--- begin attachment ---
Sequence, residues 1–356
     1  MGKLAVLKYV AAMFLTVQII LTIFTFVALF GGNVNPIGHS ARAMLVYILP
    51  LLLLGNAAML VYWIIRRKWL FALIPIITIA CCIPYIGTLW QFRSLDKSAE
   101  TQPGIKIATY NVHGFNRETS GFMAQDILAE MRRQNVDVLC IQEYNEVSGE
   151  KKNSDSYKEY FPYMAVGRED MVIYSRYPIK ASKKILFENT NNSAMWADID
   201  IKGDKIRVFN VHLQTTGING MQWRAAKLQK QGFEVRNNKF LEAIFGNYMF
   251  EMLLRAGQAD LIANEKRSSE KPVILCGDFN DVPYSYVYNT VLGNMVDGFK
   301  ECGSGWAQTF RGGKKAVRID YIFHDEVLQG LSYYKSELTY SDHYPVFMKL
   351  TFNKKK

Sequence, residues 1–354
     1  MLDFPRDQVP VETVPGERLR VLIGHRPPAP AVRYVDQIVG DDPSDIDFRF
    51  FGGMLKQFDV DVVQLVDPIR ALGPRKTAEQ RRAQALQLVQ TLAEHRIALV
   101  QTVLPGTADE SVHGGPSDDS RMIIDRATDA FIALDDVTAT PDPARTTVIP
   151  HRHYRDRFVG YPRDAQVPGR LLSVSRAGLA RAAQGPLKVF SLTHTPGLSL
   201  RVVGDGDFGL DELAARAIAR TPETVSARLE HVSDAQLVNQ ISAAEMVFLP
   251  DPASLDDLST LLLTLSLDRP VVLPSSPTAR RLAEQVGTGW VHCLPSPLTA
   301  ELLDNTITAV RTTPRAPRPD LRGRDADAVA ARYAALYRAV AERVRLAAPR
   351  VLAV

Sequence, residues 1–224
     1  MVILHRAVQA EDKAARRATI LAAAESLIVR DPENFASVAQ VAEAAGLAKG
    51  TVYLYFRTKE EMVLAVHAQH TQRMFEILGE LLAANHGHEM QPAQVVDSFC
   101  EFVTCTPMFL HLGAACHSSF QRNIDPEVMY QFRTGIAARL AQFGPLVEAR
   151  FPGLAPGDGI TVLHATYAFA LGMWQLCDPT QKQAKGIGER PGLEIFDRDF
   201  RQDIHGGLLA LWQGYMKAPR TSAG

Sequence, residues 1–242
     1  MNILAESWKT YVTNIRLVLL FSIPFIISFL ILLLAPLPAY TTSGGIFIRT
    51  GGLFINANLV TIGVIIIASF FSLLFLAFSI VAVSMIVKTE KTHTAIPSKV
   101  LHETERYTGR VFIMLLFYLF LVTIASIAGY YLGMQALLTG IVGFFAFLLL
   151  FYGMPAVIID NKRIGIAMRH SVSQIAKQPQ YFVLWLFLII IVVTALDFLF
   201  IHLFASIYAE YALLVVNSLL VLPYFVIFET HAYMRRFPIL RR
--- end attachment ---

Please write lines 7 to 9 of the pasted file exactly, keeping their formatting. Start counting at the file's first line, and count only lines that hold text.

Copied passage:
   251  EMLLRAGQAD LIANEKRSSE KPVILCGDFN DVPYSYVYNT VLGNMVDGFK
   301  ECGSGWAQTF RGGKKAVRID YIFHDEVLQG LSYYKSELTY SDHYPVFMKL
   351  TFNKKK